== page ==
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Sweet Hour Of Prayer 25 January 2018
Often times interesting legends surround our favorite hymns. The story goes that a minister named Thomas Salmon stopped by the trinket shop of his blind friend and lay minister William Walford. During the exchange Walford asked Salmon to write down a poem he had written and Salmon did so. Three years later Salmon was visiting the United States and had the poem published in a newspaper. And 15 years later William Bradbury (who also composed the music for Jesus Loves Me) set Walford’s poem to music and we are currently enjoying the first verse of Sweet Hour of Prayer as our song of preparation.
However scholars have done some research and can find no William Walford living where Salmon purported the blind man lived. They did find one living about an hour’s drive from where Salmon states, but that William Walford wasn’t blind at all!
I’m often reminded that in Scripture many times an interesting person is given no name at all. The woman at the well, the woman who touched the hem of Christ’s robe, the centurion guarding Jesus’ tomb are all examples of this. Their names are not recorded, but their encounters with Christ are their legacy. Does it matter truly if William Walford was blind? Should we be concerned with where he resided? Did he even really compose the poem?
I don’t think it matters. God in His glory and His grace and His omnipotent ways continues to use the poem to touch hearts and souls. Oh the sweet rewards of spending an hour in the Lord’s presence. Communicating and learning from the very One who loves us most!! We complain and sometimes daily dread the “oh I have to do my devotions” time. And we struggle finding it boring and uninteresting.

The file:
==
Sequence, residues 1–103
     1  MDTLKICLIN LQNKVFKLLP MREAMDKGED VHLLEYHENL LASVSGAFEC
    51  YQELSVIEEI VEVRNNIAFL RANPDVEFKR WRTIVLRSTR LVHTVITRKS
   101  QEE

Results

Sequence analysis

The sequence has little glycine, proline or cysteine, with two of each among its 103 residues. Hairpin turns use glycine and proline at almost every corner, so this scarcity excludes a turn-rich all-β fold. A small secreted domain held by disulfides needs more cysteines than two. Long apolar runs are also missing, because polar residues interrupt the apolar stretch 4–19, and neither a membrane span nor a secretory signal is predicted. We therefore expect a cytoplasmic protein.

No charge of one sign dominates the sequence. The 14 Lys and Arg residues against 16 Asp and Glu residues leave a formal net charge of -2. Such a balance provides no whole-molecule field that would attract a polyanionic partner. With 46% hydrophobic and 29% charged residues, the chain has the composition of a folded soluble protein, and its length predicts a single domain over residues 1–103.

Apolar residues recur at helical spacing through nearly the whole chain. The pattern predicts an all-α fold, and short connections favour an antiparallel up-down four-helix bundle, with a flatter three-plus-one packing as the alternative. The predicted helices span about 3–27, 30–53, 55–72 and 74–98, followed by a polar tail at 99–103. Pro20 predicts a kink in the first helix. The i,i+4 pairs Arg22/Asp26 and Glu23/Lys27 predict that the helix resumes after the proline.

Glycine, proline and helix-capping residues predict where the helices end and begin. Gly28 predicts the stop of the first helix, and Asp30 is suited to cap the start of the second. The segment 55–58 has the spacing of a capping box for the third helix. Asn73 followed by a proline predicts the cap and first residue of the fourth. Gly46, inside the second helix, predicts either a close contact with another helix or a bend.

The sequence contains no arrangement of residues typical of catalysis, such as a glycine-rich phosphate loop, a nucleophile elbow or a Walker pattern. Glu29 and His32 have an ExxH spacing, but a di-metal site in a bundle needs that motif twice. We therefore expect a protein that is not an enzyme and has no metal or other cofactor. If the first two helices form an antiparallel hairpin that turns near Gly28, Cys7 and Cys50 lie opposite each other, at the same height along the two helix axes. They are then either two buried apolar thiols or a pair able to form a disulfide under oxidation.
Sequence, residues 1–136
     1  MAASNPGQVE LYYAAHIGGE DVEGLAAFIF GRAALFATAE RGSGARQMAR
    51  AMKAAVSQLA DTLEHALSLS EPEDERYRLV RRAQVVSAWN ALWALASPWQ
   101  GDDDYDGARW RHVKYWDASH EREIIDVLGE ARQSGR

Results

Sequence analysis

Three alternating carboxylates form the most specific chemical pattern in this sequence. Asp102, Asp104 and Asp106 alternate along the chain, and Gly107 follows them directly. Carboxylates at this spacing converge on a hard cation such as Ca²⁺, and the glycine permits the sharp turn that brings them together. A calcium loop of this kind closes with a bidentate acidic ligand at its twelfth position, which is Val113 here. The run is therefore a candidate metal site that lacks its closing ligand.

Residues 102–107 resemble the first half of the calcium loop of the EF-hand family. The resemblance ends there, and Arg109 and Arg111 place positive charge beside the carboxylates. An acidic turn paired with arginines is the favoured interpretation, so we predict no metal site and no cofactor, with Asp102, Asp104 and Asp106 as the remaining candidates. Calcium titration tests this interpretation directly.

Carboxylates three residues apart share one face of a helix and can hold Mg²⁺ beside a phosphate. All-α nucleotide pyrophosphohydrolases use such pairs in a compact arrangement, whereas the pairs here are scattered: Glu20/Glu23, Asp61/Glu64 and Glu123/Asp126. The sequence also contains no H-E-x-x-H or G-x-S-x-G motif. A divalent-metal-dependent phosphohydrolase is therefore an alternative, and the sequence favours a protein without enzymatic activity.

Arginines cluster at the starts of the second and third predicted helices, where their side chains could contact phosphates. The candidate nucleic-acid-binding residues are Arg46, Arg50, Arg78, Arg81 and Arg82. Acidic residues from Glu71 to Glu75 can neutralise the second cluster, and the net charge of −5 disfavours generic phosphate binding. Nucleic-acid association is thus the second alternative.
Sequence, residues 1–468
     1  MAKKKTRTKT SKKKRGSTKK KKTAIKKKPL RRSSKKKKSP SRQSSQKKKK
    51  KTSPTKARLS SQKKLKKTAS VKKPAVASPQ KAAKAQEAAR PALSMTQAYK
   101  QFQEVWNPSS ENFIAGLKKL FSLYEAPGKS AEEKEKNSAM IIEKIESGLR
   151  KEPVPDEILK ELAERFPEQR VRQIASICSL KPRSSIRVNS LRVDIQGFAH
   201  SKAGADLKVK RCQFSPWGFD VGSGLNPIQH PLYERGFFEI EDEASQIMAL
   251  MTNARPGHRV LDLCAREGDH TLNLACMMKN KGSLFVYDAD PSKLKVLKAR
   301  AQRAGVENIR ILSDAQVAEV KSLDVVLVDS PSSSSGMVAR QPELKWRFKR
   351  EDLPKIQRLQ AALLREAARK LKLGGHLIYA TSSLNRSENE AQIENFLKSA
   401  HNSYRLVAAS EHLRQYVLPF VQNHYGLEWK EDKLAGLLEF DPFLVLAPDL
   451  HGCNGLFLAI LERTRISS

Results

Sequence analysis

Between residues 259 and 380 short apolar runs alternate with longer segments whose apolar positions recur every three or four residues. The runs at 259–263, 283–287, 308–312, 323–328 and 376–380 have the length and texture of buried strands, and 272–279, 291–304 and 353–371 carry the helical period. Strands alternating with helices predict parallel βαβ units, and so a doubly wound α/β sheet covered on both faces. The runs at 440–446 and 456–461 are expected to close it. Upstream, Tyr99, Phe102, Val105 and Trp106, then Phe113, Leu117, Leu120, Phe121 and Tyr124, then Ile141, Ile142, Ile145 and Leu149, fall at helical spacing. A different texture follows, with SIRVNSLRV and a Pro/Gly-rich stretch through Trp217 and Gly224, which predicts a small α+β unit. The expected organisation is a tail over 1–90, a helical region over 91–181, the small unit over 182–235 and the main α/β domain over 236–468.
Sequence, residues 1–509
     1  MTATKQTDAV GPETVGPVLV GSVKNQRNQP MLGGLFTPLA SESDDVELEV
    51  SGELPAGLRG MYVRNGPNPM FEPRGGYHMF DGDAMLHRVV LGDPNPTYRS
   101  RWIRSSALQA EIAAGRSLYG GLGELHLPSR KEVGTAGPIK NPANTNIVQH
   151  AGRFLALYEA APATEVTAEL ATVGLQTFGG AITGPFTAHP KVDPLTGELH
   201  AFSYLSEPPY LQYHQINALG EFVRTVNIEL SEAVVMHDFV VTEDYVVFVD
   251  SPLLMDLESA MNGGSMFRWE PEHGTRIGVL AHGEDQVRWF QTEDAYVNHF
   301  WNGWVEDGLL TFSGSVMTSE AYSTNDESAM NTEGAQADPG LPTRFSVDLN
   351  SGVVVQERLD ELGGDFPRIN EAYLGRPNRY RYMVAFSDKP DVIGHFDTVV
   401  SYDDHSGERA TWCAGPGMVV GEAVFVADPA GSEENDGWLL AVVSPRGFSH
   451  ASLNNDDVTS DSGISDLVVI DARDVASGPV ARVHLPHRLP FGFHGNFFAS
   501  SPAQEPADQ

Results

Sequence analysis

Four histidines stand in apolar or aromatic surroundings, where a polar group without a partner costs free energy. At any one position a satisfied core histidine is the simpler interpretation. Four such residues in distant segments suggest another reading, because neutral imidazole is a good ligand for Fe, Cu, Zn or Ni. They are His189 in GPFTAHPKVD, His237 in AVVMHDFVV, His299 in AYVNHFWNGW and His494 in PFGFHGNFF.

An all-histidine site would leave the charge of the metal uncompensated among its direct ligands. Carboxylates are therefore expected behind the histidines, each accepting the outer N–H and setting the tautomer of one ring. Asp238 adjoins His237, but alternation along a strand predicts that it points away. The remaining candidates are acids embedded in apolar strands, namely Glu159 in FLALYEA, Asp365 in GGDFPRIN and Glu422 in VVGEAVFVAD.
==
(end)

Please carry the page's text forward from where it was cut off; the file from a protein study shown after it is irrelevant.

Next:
But the hymn holds true!! If we allow ourselves to be called from this world of violence and hatred and grief into a time of true soul connection with our Heavenly Father we will see that the tempter’s snare has no effect. We forget that this hour of Prayer is our first defense against the power sin can hold on our lives.
The Lord may not allow future generations to remember our names in several hundred years. However in our humility our connections with Him will ripple through the centuries. Perhaps the woman at the well and the centurion will be joined with the man who repaired the widow’s front porch and the woman who teaches Sunday School, the man who held a crying child and the woman who sang a touching song. All because we spend those moments as moments of connection with the Lord! We must make this time of devotion with the Lord a priority in our daily life! How I look forward to “thy return, sweet hour of prayer”!
Michael Dean is the Director of Music at Mount Chestnut Presbyterian Church. He received his Bachelor’s of Music Education from Westminster College. Previously he has served as Music Director of the Camerata Girlchoir, and Rider Lutheran Church, and most recently served as an interim conductor for the community group ACTS. Formerly , he taught private voice and piano lessons. In addition to his musical ventures, Mr. Dean and his parents operate Ro-Ann Haven Farm, where they milk dairy cattle.